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Relevance: The Most Essential Ingredient for Retail Survival

by Bronny Jacobsen
staying-relevant-in-retail
We all know fantastic brands that seem almost invincible as if they’ll stay part of the retail landscape forever. Could we imagine Oxford Street without Debenhams, Marks & Spencer or BHS? And where would the US be without Toys “R” Us, Sears, Harley-Davidson, JCPenney or GAP? But the reality is that every one of those brands—along with too many others to mention—is facing very real challenges.

Their sales are declining. Their customers are leaving, aging or both. Some are already in liquidation, and all of them are closing stores. These are brilliant brands that, until recently, have stood the test of time. Today they must take a cold, hard look at why they’re no longer capturing the attention and buy-in of their target markets.

While few things have just one root cause, without a doubt, a key contributor to the decline of any brand is a corresponding decline in relevance. In the end, even the most desirable brand will fall out of favor if its products no longer hit the mark with customers. Image and hype alone do not make a sustainable business.

Customers don’t generally articulate exactly what they want, but they definitely know what they like when they see it. Brands need to understand their customers so well that they are able to anticipate, execute and deliver what works—and be right most of the time. Being relevant and connected to the life of a customer is what makes both the product and, ultimately, a brand, successful.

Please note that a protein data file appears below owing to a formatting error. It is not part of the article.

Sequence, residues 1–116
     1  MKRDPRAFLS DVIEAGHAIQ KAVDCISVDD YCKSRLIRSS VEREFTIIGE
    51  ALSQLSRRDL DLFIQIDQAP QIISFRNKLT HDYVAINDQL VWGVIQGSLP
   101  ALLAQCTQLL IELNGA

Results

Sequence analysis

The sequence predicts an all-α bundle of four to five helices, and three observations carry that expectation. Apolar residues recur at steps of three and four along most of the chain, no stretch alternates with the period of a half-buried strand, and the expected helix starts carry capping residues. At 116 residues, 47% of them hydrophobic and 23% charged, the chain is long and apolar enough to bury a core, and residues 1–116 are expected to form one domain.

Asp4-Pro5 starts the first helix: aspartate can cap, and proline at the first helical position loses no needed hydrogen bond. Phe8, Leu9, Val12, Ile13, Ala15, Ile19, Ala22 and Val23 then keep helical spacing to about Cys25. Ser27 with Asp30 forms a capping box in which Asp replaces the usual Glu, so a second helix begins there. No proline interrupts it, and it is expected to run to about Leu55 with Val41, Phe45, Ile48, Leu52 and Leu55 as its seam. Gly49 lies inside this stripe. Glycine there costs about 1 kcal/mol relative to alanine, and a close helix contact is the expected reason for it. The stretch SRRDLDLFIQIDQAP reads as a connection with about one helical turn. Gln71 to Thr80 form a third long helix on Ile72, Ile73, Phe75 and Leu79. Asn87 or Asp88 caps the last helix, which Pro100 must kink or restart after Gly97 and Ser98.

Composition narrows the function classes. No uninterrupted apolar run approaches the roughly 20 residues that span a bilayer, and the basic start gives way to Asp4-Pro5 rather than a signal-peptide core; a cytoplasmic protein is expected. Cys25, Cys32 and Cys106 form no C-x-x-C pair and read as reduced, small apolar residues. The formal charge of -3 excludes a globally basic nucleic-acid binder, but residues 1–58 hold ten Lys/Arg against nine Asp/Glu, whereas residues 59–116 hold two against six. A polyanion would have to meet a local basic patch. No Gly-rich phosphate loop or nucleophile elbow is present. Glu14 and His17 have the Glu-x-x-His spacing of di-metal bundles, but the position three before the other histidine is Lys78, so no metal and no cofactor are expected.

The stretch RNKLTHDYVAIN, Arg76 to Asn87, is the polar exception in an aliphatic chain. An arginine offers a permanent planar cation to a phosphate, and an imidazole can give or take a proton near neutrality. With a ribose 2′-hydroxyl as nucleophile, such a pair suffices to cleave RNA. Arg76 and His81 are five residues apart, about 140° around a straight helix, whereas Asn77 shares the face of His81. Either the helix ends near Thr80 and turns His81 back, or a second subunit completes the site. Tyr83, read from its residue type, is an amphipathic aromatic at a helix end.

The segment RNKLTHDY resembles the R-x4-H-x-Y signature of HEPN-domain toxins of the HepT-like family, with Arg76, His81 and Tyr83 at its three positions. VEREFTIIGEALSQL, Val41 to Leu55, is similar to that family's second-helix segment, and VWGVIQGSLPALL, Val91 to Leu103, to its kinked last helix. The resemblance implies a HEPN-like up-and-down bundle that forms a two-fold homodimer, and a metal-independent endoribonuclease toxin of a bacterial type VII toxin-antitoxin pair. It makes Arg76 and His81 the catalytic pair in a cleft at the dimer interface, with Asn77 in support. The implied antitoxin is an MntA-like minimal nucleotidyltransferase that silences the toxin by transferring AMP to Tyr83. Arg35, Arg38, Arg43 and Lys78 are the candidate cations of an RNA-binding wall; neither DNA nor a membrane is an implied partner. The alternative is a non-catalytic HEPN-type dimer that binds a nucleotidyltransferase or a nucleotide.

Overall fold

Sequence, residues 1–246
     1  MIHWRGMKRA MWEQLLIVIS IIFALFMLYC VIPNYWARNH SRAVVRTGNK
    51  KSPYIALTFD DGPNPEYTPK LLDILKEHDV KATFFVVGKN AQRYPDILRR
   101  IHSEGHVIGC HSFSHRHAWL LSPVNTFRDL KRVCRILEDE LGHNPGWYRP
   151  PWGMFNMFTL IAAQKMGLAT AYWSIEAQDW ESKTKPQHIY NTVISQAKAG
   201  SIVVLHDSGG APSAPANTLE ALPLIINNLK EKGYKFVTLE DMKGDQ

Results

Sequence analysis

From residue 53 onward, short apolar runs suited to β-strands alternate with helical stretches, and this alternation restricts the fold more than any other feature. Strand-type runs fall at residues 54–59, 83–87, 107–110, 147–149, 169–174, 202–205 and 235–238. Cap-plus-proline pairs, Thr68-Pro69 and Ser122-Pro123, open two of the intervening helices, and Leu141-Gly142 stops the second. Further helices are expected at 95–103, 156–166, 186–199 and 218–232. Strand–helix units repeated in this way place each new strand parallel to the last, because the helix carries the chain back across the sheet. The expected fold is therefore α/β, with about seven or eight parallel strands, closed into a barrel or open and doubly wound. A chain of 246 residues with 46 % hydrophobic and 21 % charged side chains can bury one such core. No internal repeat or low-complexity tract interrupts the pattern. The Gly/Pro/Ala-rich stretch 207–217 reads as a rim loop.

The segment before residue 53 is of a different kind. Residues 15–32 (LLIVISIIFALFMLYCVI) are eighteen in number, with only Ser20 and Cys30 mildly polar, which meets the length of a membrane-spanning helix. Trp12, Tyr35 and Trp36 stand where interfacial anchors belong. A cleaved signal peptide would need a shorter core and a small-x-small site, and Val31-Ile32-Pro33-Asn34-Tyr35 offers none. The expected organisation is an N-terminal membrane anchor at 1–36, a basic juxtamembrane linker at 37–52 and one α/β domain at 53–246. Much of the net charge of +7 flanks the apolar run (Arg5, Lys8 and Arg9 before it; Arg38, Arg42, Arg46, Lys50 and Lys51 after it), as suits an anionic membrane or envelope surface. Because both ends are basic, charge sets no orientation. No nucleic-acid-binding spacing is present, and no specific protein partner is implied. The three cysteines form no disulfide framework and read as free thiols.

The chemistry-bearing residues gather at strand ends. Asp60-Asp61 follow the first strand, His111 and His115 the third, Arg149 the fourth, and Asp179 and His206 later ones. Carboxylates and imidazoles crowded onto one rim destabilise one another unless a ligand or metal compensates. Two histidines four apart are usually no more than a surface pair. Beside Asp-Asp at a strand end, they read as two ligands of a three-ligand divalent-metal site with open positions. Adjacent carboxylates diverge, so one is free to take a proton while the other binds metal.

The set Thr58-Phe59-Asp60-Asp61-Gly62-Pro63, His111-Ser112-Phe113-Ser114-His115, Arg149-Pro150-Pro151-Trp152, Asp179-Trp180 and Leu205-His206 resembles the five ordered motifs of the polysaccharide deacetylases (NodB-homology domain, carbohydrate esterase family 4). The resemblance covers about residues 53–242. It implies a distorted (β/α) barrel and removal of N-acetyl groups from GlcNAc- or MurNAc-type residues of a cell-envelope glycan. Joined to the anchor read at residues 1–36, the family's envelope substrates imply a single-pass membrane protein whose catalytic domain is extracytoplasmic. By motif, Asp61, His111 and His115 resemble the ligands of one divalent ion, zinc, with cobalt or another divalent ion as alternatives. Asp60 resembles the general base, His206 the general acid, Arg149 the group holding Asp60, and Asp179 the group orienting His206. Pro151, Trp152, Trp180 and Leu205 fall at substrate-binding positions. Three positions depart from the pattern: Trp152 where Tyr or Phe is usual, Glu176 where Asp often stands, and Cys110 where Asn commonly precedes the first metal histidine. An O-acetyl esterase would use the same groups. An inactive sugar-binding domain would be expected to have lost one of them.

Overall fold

Their sales are declining. Their customers are leaving, aging or both. Some are already in liquidation, and all of them are closing stores. These are brilliant brands that, until recently, have stood the test of time. Today they must take a cold, hard look at why they’re no longer capturing the attention and buy-in of their target markets.

While few things have just one root cause, without a doubt, a key contributor to the decline of any brand is a corresponding decline in relevance. In the end, even the most desirable brand will fall out of favor if its products no longer hit the mark with customers. Image and hype alone do not make a sustainable business.

Customers don’t generally articulate exactly what they want, but they definitely know what they like when they see it. Brands need to understand their customers so well that they are able to anticipate, execute and deliver what works—and be right most of the time. Being relevant and connected to the life of a customer is what makes both the product and, ultimately, a brand, successful.